In the 2012 season:

-Chris Carter will be 25.
-Adrian Cardenas will be 24.
-Michael Taylor will be 26.

I think all three of them might be league-average-or-better hitters by then. That’s when the A’s contending window opens again, IMO – when those three are hitting better than league average. Not an easy task when half your games are in the Coliseum. 

I think all three will play a full season in Sac this year, and I think all three will take their lumps as rookies in ’11, in the same way that 95% of all rookies do.

I think it’s conceivable that the A’s are contenders in 2012, and I think that they’ll definitely be contenders in 2013-2014, when basically the entire core is in its mid-to-late-20s.


The Pythag projections below won’t match up properly with actual playoff percentages, because I didn’t research any of this*, but this is kinda what’s going on in my head right now*:

A’s playoff odds:

2009: 78 “paper” wins, 5% chance of playoffs ($50M payroll)
2011: 85 “paper” wins, 25% chance of playoffs
2012: 88 “paper” wins, 30% chance of playoffs
2013: 91 “paper” wins, 35% chance of playoffs
2014: 95 “paper” wins, 50% chance of playoffs (with a willingness to expand payroll significantly to $80-90M if they are in a new stadium and great players such as Rick Porcello and Elvis Andrus reach FA here (at age 26!) and fill an obvious area of need).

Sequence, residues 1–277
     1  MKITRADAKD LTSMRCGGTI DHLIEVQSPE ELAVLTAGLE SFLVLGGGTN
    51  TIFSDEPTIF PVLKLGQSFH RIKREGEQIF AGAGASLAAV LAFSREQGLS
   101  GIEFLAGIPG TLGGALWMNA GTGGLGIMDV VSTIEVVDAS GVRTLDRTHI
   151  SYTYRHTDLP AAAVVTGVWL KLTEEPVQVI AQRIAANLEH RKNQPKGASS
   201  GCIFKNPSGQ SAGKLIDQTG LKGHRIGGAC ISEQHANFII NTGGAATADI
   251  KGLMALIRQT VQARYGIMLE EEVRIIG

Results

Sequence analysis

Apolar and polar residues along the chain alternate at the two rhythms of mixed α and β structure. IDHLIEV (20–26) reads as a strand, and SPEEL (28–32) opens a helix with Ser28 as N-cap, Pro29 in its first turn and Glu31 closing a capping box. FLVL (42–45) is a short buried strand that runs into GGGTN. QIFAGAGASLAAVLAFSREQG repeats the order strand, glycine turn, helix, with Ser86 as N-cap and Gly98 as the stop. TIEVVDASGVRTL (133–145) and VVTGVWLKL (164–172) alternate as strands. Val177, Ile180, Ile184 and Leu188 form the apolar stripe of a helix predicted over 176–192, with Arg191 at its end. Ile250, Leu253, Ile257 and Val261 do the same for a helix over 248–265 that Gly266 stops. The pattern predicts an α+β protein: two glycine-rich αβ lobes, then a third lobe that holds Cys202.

2015 95 "paper" wins, 50% chance of playoffs

*Go easy on me; none of that is researched, but it could be good fodder for conversation - “the win curve, playoff percentage odds, and how it arcs into a peak for the A’s in 2014-2015.” (Right around the time of the new stadium is when I predict they will peak – it’s a nice confluence of players reaching their primes and yet not being too expensive yet).

I'd be grateful if someone could assist me in inputing actual, realistic/sabermetric playoff percentage odds based upon the projected win totals listed above.  Also, if you could remind me of the figures for the expected deviation from a Pythagorean win total - I'm looking for some golden nugget sentence/explanation like this:  "an 85-win paper team is expected to win +/- 8 games, and finish with somewhere between 77 and 93 wins." 

Obviously we can't know exactly what the surrounding pieces of the team will be in 2011 and beyond.  But I think we can assume that, once this team is on the cusp of contention, that the team will raise payroll and perhaps even make Andre Ethier-for-Milton Bradley-type trades - point being, we can project an eventual significant rise in this team's "wins on paper". 

I thought that a very interesting comment from iglew when he saw this chart was, "I'd much rather have 87 "paper" wins every year, and a 29% percent chance of making the playoffs every year."  Do you agree?  Equally important, is it even possible for the A's to achieve that, given their payroll? 


Is the arc of wins that I created above realistic?  Keep in mind that we can't possibly know the exact strength of the three other divisional opponents in those years, and that would be a must to accurately forecast any divisional race.  However, given Texas' farm system and the Seattle/LAA budget, I think that forecasting any AL West team to have greater than a 50% chance at making the playoffs during those years would be foolhardy, given that we are dividing that 100% pie up amongst four teams that project to be decent or better.  If I could do that chart all over again I'd probably put the A's at 40-45% playoff odds during those peak years, and lower the playoff odds in 2011 to 20%